We will not go to the Cliff, nor through the Presidio, nor to Ingleside. These are all old familiar places. Of the Mission road the least said the better — it is steep and never in good condition. Although the bay road, which winds in long curves around the shallow waters of the western shore, is certainly picturesque it is also rather rough and is guarded by the formidable five-mile hill.

If you are a strong rider and feel that duty calls you to San Jose or any of the intermediate towns take the bay road. If you don't want to get "that tired feeling" at the beginning of your trip take the train to Milbrae. From this point the road is excellent, but instead of continuing on to the Garden City turn abruptly to the left at Burlingame, cross the railroad track and with a swerve to the right reach Mateo beach.

Here you may pluck wild flowers on the shore or plunge into the placid waves that ripple over the gravelly bottom. The water is never very cold and there are no dangerous currents. After breasting the tide a while take a rub down, and you will wonder why the wheel runs so lightly on the return trip.

From San Mateo or Belmont there are several roads leading into the hills, and even beyond to the settlements along the ocean. But these, with the exception of the run to the Crystal Springs reservoir, which is well worth a visit, are hard climbs to make and will scarcely compensate for the outlay of time and muscle.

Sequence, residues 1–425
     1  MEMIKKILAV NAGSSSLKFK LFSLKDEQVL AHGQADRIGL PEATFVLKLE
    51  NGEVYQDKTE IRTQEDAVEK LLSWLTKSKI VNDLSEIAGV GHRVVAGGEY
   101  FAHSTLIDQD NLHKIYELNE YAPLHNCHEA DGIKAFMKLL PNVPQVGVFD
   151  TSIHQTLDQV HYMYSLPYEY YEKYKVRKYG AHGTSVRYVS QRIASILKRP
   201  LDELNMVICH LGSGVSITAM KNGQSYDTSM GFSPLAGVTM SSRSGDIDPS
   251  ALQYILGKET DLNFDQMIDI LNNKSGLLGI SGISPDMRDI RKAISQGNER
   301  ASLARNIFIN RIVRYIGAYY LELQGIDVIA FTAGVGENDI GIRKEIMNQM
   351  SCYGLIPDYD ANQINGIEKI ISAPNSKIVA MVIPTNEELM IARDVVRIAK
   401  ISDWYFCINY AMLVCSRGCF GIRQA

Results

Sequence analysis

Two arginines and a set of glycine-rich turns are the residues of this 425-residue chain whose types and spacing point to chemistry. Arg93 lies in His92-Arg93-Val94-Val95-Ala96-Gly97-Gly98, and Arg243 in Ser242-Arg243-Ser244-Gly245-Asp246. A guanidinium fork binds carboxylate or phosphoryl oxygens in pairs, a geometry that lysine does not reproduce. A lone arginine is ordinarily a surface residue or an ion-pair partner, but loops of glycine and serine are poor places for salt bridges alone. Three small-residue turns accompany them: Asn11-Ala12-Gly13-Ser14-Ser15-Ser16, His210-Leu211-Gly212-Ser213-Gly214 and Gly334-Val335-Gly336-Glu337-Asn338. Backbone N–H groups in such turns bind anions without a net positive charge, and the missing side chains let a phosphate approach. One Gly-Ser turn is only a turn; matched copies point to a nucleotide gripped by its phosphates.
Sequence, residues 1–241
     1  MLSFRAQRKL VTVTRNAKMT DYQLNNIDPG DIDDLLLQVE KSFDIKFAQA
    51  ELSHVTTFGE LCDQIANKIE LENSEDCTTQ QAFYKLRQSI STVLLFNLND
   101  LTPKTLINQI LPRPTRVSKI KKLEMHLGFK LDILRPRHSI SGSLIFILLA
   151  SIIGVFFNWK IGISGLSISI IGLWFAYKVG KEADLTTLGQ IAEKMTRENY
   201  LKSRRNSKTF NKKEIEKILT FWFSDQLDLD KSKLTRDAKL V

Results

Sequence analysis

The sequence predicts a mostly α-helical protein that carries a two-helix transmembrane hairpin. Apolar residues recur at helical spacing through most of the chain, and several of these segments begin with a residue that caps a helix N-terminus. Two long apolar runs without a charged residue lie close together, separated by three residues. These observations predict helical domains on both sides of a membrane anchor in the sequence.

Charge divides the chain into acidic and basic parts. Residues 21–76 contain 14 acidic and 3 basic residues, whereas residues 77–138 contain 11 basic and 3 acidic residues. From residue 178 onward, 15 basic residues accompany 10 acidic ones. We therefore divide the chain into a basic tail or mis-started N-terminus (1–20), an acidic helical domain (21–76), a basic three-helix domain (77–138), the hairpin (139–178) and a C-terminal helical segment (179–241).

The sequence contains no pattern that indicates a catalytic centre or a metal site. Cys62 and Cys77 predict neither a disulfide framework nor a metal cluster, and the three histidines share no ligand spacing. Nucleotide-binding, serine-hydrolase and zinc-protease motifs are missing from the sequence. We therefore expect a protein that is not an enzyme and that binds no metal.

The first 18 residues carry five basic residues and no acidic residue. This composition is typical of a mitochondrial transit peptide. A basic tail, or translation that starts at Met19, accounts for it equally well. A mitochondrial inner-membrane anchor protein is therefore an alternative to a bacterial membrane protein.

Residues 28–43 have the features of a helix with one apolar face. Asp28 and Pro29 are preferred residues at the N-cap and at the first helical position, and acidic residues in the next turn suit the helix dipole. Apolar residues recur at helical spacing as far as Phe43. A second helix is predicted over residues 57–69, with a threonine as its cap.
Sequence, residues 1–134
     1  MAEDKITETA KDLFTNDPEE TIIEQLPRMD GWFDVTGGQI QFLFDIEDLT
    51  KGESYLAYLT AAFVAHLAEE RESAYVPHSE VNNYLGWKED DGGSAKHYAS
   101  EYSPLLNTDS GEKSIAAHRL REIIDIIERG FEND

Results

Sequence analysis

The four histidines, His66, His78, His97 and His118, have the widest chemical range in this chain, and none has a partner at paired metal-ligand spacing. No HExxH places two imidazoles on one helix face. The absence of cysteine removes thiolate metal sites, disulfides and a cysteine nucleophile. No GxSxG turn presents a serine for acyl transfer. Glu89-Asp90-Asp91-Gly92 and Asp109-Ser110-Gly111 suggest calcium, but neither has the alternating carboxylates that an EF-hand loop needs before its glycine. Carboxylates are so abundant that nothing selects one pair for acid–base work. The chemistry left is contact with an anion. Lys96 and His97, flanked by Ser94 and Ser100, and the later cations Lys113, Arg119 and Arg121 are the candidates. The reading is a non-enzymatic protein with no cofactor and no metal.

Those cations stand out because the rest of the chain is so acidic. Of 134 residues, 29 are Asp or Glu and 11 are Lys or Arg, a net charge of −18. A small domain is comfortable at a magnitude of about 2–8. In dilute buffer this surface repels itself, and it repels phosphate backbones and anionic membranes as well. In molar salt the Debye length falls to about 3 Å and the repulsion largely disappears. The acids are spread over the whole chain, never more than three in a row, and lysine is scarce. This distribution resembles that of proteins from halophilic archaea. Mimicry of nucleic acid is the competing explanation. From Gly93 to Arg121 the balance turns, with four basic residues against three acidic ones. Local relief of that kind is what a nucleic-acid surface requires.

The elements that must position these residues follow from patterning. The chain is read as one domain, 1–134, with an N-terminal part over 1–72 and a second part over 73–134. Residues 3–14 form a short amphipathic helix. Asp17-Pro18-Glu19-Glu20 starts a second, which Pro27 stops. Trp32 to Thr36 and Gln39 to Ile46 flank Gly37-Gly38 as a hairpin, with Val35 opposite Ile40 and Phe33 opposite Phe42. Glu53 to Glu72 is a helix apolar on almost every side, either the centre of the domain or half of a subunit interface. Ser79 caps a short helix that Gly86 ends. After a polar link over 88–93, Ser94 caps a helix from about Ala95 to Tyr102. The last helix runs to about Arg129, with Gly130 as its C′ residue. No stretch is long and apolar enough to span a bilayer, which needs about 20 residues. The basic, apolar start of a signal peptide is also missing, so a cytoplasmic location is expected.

THE RIDE ALONG LAKE CHABOT.

No need to more than mention the road to Haywards or the racing course over the famous San Lorenzo triangle. These are traversed weekly by thousands of wheelmen. Yet seldom do any turn aside to enjoy the varied beauties of Lake Chabot or the nearer by loveliness of Laundry Farm.

It's a warm day, but there's sure to be some shade, so let us have a look at Lake Chabot and the Castro Valley.

The dam at Lake Chabot is only two miles from San Leandro as the crow flies, and he does fly here sometimes. Just at the base of the little triangular town square, turn to the left into Estudillo avenue, a splendid street, straight as an arrow and lined on either side with lofty locust trees, their branches almost interlacing. At the end of the avenue is a little whitewashed cottage, evidently the abode of a farmer who is plowing near by, but on the ridge of the steep roof is the faded sign of a saloon. It has outlived its usefulness and is an incongruous feature of the sylvan scene.

Proceeding about a quarter of a mile we reach the parting of the ways — a fork in the road that is quite misleading, for the most-traveled way is the one not to follow. Take the branch on the right that runs up the steep side of a hill. It's only 100 yards to the top, but it's easier to walk. Here the soil is adobe and for a short distance is badly broken up, but later in the season it will be all right. The road is cut out of the side of a chain of hills. Below, to the left, is a narrow, deep valley, thickly wooded, but one looks over the tops of the highest trees. The sweet scent of willows comes on the air, and the gurgling of water over a pebbly bed is heard.